Since the diagnosis of KD is essentially clinical, some conditions should be taken into consideration in the differential diagnosis. These include scarlet fever, staphylococcal toxic shock syndrome, poly-morph erythema, viral infections, systemic-onset juvenile idiopathic arthritis, and polyarteritis no-dosa. The main differential clinical features of these conditions can be summarized as follows:
Scarlet fever: throat swab positive for group A beta hemolytic Streptococcus, good response to antibiotic treatment.
Staphylococcal toxic shock syndrome: more frequent in the second infancy, compromized general conditions, shock, early coagulation abnormalities.
Polymorph erythema: no conjunctivitis, polycy-clic lesions of the oral mucosa, typical skin marginated lesions.
Viral infections (Adenovirus, Rubeola, Parvovi-rus, Epstein-Barr virus, Cytomegalovirus): good general conditions, epidemic presentation, positive serology.
Systemic-onset juvenile idiopathic arthritis: intermittent fever, arthritis more prevalent, morning stiffness.
Polyarteritis nodosa: painful skin nodules, internal organ involvement, specific pathology.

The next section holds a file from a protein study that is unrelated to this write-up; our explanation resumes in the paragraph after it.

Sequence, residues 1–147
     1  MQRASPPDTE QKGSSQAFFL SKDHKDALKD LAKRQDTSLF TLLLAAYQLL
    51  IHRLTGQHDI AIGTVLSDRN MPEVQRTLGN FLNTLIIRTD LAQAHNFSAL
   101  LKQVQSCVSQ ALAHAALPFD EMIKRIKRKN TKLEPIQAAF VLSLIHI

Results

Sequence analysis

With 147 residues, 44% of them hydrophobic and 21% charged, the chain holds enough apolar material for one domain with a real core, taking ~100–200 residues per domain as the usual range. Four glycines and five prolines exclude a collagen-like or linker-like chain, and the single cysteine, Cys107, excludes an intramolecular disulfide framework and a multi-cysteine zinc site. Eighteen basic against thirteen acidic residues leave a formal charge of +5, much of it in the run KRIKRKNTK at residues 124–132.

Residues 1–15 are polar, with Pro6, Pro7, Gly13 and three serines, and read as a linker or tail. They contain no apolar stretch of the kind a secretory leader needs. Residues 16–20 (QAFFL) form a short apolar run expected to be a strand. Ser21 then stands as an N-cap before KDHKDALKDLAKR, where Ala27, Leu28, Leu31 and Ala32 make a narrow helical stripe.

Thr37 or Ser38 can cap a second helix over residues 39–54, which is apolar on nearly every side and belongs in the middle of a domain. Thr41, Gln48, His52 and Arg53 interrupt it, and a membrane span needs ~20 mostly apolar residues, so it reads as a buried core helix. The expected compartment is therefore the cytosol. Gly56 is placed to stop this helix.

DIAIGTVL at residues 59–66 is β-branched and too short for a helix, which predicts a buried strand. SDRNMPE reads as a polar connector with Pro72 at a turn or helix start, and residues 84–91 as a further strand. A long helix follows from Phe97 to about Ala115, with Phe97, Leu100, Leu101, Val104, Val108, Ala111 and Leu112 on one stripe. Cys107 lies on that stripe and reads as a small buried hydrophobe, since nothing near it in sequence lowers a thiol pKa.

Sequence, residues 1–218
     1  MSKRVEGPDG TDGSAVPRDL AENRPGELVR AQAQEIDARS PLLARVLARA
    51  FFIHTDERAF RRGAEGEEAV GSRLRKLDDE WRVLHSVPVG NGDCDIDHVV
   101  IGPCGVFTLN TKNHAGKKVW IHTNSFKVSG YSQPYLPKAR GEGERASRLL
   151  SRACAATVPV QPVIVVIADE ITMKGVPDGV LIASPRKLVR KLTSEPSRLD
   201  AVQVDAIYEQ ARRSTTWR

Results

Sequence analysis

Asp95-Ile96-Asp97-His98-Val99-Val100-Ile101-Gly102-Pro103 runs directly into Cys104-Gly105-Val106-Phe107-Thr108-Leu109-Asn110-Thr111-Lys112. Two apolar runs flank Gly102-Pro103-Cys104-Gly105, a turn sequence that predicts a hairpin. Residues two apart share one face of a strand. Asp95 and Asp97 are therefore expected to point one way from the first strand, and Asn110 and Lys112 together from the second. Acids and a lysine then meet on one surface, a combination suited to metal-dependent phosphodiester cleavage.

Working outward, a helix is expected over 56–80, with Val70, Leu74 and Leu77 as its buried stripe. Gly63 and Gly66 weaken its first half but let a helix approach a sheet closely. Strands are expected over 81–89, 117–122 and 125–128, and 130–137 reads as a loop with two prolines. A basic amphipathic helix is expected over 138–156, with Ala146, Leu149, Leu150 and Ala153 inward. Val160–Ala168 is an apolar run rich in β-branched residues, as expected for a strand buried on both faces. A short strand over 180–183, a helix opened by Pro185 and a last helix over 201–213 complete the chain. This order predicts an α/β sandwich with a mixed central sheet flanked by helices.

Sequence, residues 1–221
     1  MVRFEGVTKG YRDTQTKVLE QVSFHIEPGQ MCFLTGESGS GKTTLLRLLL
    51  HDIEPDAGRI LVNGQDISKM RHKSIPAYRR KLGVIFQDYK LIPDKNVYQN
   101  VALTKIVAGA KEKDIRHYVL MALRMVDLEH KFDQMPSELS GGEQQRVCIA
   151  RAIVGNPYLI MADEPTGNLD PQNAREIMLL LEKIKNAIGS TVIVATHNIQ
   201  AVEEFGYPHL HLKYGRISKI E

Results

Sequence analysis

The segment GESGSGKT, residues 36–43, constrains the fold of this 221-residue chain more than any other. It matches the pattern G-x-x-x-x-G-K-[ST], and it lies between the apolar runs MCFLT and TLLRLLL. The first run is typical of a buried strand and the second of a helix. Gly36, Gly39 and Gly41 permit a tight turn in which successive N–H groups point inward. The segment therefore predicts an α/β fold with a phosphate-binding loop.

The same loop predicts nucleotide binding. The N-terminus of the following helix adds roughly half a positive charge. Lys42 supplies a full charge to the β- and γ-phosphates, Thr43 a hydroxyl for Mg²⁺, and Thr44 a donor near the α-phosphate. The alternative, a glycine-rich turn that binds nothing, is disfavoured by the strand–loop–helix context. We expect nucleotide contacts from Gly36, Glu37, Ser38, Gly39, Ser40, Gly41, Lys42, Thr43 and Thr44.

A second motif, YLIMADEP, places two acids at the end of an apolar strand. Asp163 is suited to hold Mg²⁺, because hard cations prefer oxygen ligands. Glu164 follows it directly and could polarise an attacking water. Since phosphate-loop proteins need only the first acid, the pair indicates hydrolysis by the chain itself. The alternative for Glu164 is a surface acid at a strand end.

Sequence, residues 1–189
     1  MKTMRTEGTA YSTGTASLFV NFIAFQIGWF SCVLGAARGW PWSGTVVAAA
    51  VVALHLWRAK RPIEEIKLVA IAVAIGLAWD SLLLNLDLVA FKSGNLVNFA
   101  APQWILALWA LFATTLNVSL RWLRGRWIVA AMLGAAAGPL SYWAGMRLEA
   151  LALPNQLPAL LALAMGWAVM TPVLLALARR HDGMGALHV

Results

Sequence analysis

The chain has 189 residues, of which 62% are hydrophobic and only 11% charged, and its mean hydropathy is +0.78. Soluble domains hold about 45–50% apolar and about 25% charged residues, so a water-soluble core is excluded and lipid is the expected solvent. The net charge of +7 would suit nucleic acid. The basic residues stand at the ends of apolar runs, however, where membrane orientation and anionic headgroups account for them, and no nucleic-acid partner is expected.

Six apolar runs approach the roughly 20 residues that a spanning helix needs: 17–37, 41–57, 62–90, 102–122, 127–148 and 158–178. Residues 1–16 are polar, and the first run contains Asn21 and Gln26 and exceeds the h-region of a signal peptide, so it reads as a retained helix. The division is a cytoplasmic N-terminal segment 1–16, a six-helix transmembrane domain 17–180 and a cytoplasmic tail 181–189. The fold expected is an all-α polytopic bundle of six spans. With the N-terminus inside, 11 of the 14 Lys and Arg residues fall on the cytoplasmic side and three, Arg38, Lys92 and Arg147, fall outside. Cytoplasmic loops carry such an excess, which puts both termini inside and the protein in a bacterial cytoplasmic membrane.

Children may present with only fever and a unilateral enlarged cervical lymph node. The rash and mucosal changes that follow often are mistaken for a reaction to antibiotics that are administered for presumed bacterial lymphadenitis. Sterile pyuria may be mistaken for a partially treated urinary tract infection with sterile urine cultures. The young infant may present with fever, rash, and cerebrospinal fluid pleocytosis and be misdiagno-zed with viral meningitis. Occasionally, a child may present with an acute abdomen and be admitted to a surgical service (Zulian et al., 2003). KD should be considered in the differential diagnosis of every child with fever of at least several days' duration, rash, and non-purulent conjunctivitis, especially in children < 1-year old and in adolescents, in whom the diagnosis is frequently missed.
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